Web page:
There doesn’t need to be snow on the ground for a winter visit to be downright stunning. The area known as the Colorado Desert (part of the larger Sonoran Desert) is one of the best deserts in the US to visit in winter. In Palm Springs, which sits on the blurry border between the Sonoran and Mohave deserts, visitors can stroll through a town dotted with palm trees before looking up to see the mountains of the San Jacinto Range (many of them surpassing 10,000 feet above sea level) decked in winter white; it feels almost incongruous.

Even more unique is the experience of getting onto the Palm Springs Aerial Tramway in “shorts and T-shirt”weather before disembarking at 8,516 feet onto a mountaintop covered in snow. Hopefully you packed warm layers and good hiking boots, because the tram gives you access to over 50 miles of trails in the Mount San Jacinto Wilderness area. There aren’t too many places in the world where you can hike on snowy trails flanked by pine trees, then take a tram back down sip a poolside cocktail at your hotel or roomy Airbnb just 20 minutes later.

New Mexico High Desert: Taos, New Mexico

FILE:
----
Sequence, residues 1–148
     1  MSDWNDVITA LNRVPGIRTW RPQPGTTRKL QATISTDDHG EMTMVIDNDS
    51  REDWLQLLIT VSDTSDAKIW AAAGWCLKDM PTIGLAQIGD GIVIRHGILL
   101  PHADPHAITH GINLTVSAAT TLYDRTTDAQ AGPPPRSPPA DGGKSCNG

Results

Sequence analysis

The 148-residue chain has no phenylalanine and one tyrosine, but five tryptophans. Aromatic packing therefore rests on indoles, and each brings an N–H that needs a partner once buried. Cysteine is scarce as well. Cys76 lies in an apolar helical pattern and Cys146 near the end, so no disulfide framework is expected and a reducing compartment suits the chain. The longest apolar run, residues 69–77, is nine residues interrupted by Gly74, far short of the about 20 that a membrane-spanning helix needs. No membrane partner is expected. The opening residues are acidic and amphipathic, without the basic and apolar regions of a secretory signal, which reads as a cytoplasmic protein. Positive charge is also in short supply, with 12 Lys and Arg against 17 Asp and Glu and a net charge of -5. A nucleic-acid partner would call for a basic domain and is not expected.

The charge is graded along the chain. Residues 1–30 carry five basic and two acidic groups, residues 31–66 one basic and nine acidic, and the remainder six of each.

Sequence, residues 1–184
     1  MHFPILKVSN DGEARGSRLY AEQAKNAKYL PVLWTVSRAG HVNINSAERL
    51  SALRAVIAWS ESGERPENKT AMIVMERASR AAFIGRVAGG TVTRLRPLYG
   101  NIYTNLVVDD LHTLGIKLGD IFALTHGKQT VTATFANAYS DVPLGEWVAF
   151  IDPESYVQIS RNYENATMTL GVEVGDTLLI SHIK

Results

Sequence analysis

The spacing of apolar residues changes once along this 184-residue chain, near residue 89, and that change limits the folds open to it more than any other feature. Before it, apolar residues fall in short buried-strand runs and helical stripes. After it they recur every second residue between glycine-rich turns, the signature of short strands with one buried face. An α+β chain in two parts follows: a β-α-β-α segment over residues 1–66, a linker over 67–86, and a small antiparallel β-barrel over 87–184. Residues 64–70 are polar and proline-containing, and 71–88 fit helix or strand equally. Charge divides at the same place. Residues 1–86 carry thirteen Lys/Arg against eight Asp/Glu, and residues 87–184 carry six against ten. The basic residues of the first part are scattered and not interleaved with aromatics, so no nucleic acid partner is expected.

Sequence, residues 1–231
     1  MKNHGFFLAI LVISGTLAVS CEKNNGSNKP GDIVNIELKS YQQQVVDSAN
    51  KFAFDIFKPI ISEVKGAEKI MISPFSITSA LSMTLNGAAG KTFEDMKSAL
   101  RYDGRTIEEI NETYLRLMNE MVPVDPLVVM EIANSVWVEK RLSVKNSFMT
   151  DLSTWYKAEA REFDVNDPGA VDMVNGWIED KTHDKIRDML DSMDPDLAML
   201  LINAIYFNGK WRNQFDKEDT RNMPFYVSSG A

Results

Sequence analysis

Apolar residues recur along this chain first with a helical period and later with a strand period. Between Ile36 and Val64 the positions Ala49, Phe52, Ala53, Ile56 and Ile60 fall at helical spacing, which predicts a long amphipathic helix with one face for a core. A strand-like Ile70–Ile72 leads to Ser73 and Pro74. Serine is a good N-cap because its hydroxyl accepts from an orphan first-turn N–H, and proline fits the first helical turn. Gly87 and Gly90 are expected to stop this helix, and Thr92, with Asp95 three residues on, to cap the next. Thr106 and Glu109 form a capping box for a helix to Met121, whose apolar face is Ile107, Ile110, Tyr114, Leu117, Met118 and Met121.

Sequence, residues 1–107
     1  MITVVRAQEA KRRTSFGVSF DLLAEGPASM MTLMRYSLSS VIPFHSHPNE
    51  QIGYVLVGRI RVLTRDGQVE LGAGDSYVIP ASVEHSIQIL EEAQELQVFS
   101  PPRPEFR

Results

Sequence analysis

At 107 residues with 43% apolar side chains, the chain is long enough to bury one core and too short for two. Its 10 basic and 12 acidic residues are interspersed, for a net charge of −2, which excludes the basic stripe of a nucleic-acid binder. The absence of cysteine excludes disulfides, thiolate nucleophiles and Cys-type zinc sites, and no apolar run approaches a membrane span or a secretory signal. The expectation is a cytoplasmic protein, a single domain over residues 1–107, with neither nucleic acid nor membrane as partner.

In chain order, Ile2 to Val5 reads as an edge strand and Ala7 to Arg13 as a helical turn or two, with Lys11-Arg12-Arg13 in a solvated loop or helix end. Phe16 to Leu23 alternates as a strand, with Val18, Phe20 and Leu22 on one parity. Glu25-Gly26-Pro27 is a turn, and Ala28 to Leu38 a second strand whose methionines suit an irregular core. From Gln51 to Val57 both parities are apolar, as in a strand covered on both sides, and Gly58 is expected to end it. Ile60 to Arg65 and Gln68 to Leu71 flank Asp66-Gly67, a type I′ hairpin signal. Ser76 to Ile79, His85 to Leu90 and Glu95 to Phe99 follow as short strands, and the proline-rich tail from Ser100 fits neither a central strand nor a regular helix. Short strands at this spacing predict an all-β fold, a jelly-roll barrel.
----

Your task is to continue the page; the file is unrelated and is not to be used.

Taos Pueblo in New Mexico

Photo: Roschetzky Photography/Shutterstock

New Mexico is one of the best winter road trip destinations, and Taos is one reason why. The picturesque desert town at nearly 7,000 feet above sea level is a vibrant artist colony at the foothills of the Sangre de Cristo Mountains. It’s home to Taos Pueblo, one of the oldest continuously inhabited settlements in the United States, as well as excellent chili rellenos and other savory cuisine. Of course, in winter, you may prefer to warm your hands around a cup of hot chocolate and savor some freshly made fry bread, served hot and drizzled with honey. Taos is home to one of the best deserts in the US to visit in winter, and nearby Taos Ski Valley is one of the best places to ski in North America.